React DnD

React DnD is a set of React utilities to help you build complex drag and drop interfaces while keeping your components decoupled. It is a perfect fit for apps like Trello and Storify, where dragging transfers data between different parts of the application, and the components change their appearance and the application state in response to the drag and drop events.


npm i -s react-dnd react-dnd-html5-backend yarn add react-dnd react-dnd-html5-backend

The second package will allow React DnD the HTML5 drag and drop API under the hood. You may choose to use a third-party backend instead, such as the touch backend.

What's It Look Like?

 import React from 'react'
import { DragSource } from 'react-dnd'
import { ItemTypes } from './Constants' function Card({ isDragging, dragSource, text }) { const opacity = isDragging ? 0.5 : 1 return dragSource(<div style={{ opacity }}>{text}</div>)
} const cardSource = { beginDrag: props => ({ text: props.text }),
} function collect(connect, monitor) { return { dragSource: connect.dragSource(), isDragging: monitor.isDragging(), }
} export default DragSource(ItemTypes.CARD, cardSource, collect)(Card)


It works with your components

Instead of providing readymade widgets, React DnD wraps your components and injects props into them. If you use React Router or Flummox, you already know this pattern.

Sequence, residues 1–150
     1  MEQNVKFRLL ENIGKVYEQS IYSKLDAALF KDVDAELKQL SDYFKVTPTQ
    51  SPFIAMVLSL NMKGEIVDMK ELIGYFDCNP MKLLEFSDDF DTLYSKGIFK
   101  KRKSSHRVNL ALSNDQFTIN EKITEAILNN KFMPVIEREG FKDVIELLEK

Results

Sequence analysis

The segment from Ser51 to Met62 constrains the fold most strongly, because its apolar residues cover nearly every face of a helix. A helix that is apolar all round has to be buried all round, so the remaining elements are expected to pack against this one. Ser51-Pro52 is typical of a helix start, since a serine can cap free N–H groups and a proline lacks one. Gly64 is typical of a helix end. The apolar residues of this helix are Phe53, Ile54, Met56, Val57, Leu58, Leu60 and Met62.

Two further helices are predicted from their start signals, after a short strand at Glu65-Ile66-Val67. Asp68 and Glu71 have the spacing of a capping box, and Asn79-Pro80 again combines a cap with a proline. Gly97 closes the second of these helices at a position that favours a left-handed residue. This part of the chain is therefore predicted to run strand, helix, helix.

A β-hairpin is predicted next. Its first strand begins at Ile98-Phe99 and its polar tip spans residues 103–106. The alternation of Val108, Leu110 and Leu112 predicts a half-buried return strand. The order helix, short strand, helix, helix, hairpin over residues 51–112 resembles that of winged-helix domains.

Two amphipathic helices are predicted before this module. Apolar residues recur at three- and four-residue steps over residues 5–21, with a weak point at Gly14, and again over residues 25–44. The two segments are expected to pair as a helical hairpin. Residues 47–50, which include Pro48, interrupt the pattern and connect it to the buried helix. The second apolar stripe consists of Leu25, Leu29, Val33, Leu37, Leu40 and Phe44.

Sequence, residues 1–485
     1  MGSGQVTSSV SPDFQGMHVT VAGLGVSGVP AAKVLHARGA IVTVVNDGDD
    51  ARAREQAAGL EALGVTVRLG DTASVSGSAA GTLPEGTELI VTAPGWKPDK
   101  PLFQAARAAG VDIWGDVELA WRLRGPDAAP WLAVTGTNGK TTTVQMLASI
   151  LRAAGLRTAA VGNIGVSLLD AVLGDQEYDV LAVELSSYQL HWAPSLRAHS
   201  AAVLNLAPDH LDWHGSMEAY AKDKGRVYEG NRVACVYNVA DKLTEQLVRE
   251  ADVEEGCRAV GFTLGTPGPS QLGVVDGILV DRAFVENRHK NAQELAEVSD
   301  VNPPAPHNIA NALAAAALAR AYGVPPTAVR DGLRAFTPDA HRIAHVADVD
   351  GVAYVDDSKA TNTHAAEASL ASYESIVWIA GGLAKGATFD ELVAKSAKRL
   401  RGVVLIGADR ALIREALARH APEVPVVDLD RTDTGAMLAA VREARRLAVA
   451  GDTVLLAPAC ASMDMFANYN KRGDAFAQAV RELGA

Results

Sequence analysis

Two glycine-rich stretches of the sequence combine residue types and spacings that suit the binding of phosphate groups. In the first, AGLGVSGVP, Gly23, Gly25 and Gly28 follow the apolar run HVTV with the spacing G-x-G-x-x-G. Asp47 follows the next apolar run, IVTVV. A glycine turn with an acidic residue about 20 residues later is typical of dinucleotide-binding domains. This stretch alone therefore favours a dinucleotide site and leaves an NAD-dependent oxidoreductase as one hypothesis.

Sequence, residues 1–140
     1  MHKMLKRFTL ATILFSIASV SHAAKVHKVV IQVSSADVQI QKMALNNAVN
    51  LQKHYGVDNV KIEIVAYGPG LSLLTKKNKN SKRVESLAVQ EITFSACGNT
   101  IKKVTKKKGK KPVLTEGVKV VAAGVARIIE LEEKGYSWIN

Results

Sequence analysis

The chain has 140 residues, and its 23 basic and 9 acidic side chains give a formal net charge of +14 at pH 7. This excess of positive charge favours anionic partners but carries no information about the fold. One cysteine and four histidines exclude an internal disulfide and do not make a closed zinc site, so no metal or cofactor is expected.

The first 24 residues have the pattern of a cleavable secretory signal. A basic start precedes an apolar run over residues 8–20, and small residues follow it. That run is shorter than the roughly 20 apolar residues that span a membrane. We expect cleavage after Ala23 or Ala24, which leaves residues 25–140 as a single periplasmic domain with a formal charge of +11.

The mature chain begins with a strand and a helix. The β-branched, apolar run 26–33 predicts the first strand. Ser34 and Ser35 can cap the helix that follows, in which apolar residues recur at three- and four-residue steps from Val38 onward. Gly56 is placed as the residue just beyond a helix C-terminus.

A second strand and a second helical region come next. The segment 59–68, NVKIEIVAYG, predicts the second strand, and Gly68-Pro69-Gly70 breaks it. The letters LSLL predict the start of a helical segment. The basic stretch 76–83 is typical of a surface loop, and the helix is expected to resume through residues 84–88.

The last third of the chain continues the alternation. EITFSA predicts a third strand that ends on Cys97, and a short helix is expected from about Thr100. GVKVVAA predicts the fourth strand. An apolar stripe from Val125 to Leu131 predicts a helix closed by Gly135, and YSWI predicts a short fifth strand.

It embraces unidirectional data flow

React DnD fully embraces the declarative rendering paradigm of React and doesn't mutate the DOM. It is a great complement to Redux and other architectures with the unidirectional data flow. In fact it is built on Redux.

It hides the platform quirks

HTML5 drag and drop has an awkward API full of pitfalls and browser inconsistencies. React DnD handles them internally for you, so you can focus on developing your application instead of working around the browser bugs.

It is extensible and testable

React DnD uses the HTML5 drag and drop under the hood, but it also lets you supply a custom “backend”. You can create a custom DnD backend based on the touch events, the mouse events, or something else entirely. For example, a built-in simulation backend lets you test drag and drop interaction of your components in a Node environment.

Touch Support

For touch support, use React DnD with the touch backend instead of the HTML5 backend.


React DnD gives you a set of powerful primitives, but it does not contain any readymade components. It's lower level than jQuery UI or interact.js and is focused on getting the drag and drop interaction right, leaving its visual aspects such as axis constraints or snapping to you. For example, React DnD doesn't plan to provide a Sortable component. Instead it makes it easy for you to build your own, with any rendering customizations that you need.

Support and Contributions

Issues and potential improvements are discussed on Github.


Big thanks to BrowserStack for letting the maintainers use their service to debug browser issues.


React DnD is licensed as MIT. Use it as you will.